Amanda Palmer: Feminist Musical Icon

// 5 May 2012

Amanda Palmer 1.jpg

TFW bloggers’ note: We’re aware there are issues with this post and have reached a decision to temporarily suspend further comments until certain matters have been clarified. We apologise for the inconvenience and will provide a further update as soon as we are able.


This post has been deleted after strong concerns were raised concerning disablism, racism, transphobia and rape apologism with regard to Amanda Palmer.

Equally as crucially, it has been deleted because the guest blogger in question – Tahera Dudwhala – is a marketeer for a certain guitar company mentioned in the post, which goes against the ethics of this site.

Apologies for the huge amount of offence caused,

Cazz Blase

Comments From You

Nat // Posted 5 May 2012 at 9:35 pm

Warning: I’m about to be a massive killjoy.

I used to love Amanda Palmer, but I had to stop listening to her after she responded to criticism of Evelyn Evelyn by going on TV and laughing at ‘handicapped feminists’ (, made transphobic remarks and rape ‘jokes’ ( and joked about giving money to the KKK ‘ironically’ ( – she might be great on some issues, but she’s far too happy to throw people aren’t as privileged as her under the bus to get attention. My feminism doesn’t marginalise others to and then pretend it doesn’t matter because it’s ‘art’. (

At least she taught me not to have heroes!

joanne matthews // Posted 5 May 2012 at 9:36 pm

Thanks for bringing Amanda Palmer back into my life. I haven’t thought about the Dresden Dolls in years.

I really enjoyed reading your article.

Philippa Willitts // Posted 5 May 2012 at 9:40 pm

To write a post about Amanda Palmer without addressing the horrific disablism she has expressed seems remiss. There is plenty more evidence of it and it’s difficult to miss, when carrying out any research on her.

Ignoring the issues doesn’t make them go away, and does alienate many people.

Cel West // Posted 5 May 2012 at 9:48 pm

Have a watch of that video. I’m not sure we can hold anyone up as a feminist icon who holds such a contemptuously dismissive attitude towards disabled feminists. Or the many feminists who find other things she’s said and done racist, transphobic, and generally problematic. She really isn’t inspirational to people around the world, she’s inspirational to a small, privileged demographic.

She encapsulates the problems with “empowerment” feminism when she consistently chooses to be a jerk. You don’t have to be a jerk and attack other feminists and groups to be successful, and we shouldn’t hold her up as an icon when she does.

samlebam // Posted 5 May 2012 at 9:51 pm

Why can’t I see any of the comments I know must be there?

Imogen // Posted 5 May 2012 at 10:00 pm

I am extremely uncomfortable with this lionisation of someone involved in the extremely ableist project that is “Evelyn Evelyn”. I don’t much care to have “feminist icons” who mock disabled people.

Kezia // Posted 5 May 2012 at 10:21 pm

I listened to Girl Anachronism on repeat earlier this year when I was at my lowest; it was the perfect anthem for an angry, distressed teenager.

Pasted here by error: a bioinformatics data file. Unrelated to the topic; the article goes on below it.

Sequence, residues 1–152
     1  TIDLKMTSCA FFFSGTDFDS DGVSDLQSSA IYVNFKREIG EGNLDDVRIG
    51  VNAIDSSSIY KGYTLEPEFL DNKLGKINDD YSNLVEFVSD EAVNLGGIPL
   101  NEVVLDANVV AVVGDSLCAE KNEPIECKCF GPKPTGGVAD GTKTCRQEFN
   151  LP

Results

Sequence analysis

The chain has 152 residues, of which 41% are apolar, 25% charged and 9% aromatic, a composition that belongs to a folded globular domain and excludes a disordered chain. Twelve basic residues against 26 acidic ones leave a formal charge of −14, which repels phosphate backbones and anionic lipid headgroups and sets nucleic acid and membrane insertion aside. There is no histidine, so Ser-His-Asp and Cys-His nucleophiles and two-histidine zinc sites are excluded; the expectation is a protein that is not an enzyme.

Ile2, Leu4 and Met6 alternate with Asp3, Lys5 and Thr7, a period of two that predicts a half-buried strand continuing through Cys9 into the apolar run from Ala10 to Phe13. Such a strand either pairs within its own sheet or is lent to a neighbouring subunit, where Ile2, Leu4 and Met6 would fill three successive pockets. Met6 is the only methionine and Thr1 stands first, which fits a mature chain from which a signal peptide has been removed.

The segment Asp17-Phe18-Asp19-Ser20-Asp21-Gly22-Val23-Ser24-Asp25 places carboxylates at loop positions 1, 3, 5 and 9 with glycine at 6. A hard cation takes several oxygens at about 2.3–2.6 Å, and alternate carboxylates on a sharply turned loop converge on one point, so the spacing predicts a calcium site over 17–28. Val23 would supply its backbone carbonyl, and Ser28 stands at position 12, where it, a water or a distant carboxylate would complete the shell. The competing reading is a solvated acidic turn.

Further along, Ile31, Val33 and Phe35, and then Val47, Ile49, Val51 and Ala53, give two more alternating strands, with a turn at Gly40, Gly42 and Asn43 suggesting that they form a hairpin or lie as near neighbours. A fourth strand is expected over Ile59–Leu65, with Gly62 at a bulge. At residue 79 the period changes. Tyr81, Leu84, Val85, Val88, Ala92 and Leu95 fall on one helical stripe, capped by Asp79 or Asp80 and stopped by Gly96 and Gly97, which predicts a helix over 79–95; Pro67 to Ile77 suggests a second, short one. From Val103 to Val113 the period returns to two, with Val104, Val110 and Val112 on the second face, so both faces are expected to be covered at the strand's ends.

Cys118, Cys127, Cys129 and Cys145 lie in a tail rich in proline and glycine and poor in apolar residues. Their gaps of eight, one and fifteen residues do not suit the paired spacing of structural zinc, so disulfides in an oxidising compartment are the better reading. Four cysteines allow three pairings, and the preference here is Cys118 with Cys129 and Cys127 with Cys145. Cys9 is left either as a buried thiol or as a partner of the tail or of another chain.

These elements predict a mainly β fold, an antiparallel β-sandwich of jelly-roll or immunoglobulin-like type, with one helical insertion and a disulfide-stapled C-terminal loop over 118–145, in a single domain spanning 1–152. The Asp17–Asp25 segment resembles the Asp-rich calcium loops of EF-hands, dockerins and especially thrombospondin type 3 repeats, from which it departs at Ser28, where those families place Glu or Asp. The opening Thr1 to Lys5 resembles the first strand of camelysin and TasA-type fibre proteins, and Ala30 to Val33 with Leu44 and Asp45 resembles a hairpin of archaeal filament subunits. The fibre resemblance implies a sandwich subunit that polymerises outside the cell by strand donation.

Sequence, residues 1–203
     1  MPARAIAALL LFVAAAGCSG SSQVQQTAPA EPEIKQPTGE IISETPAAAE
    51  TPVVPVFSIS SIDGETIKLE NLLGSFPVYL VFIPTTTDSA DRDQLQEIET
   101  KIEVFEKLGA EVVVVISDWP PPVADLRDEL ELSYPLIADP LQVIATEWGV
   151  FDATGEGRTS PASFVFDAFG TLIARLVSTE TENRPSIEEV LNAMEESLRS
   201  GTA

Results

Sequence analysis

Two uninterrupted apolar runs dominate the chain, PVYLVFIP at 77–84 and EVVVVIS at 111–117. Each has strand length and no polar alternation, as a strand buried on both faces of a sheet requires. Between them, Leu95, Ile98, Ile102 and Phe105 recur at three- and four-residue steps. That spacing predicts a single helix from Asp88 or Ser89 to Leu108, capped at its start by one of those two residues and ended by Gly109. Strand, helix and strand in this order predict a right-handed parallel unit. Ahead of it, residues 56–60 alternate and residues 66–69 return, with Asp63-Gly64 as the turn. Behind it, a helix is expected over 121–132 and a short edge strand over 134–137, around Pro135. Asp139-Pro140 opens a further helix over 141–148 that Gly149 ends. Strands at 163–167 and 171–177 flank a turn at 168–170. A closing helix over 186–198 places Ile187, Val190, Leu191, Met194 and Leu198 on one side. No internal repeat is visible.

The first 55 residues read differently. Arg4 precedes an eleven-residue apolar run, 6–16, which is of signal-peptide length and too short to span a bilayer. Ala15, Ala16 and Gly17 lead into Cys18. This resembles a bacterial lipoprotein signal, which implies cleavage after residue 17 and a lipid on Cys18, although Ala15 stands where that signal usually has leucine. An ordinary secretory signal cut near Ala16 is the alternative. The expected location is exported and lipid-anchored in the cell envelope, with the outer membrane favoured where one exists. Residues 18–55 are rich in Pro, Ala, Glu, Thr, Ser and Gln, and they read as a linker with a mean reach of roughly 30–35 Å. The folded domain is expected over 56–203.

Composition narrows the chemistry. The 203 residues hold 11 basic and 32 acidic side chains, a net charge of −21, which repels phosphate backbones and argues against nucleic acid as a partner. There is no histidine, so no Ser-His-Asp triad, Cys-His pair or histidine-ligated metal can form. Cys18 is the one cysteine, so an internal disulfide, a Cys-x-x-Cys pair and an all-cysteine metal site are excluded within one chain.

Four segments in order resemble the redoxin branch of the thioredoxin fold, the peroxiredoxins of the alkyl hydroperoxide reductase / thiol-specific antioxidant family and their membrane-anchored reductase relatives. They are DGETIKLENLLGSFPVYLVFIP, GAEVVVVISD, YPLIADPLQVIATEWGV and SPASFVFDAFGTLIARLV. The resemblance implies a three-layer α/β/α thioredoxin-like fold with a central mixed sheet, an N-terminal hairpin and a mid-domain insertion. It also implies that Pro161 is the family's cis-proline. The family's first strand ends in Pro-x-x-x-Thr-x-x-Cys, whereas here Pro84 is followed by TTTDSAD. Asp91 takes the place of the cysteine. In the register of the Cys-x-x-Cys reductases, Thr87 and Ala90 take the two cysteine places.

However, the context in which I know the most about Amanda Palmer isn’t her music. It’s through the ableism inherent to Evelyn Evelyn:

Amanda Palmer & Ableism #1-8 | various

[Potential Trigger Warning: This linkspam includes links which may contain mentions of and references to fictional descriptions of child sexual abuse.]

and ‘ironic’ racism on Twitter:

A lesson in good vs. bad irony thanks to Amanda Palmer | sparkymonster

[Trigger Warning for racism, images of graphic violence and lynching]

As much as I love spitting out ‘but I might be catching so don’t touch/you’ll start believing you’re immune to gravity and stuff’, I don’t want to claim Amanda Palmer as an icon of my feminism.

Whether // Posted 6 May 2012 at 12:12 am

It’s disappointing to see no mention of Amanda Palmer’s ableism with the Evelyn Evelyn project in this post or her racism, particularly when these comments were coming from online feminists.

Sebastienne Stardust // Posted 6 May 2012 at 10:20 am

Some of Amanda Palmer’s music is very feminist. As well as the examples you cite, I’d also mention “Ampersand”, which is about heteronormativity and street harassment.

But Palmer herself, a feminist icon? I can’t agree with you there.

How about “Evelyn Evelyn”, the project she began in 2007? She pretended to have “discovered” a pair of disabled performers, and to be “promoting” their work ( – but it turned out that it was just her and a friend dressing up and making fun of conjoined twins. When she was called on it, she used “lol, disabled feminists!” as a punchline on national TV:

Also, why the plug for a guitar company in the middle of your post? Looking at @tahera on Twitter, it seems that you work in internet marketing – and the more I think about how one-sided this post is, the more I think that it’s nothing more than a press release.

Yes, a press release. A lot of little errors in this post suddenly make sense to me as well! Someone who’d listened to “Oasis” more than a couple of times would likely notice that the protagonist does not “become a crack whore”, as you state – in fact, she gets bullied at school by people using those words, because she was raped and became pregnant.

This is astroturfing. I’m disappointed, and hope that the fword will post a retraction & explanation.

Laura // Posted 6 May 2012 at 11:19 am

I used to really like Amanda Palmer, but then she did this:

Not cool, not anti-oppressive, not feminist.

Helen G // Posted 6 May 2012 at 11:53 am

TFW bloggers’ note: We’re aware there are issues with this post and have reached a decision to temporarily suspend further comments until certain matters have been clarified. We apologise for the inconvenience and will provide a further update as soon as we are able.

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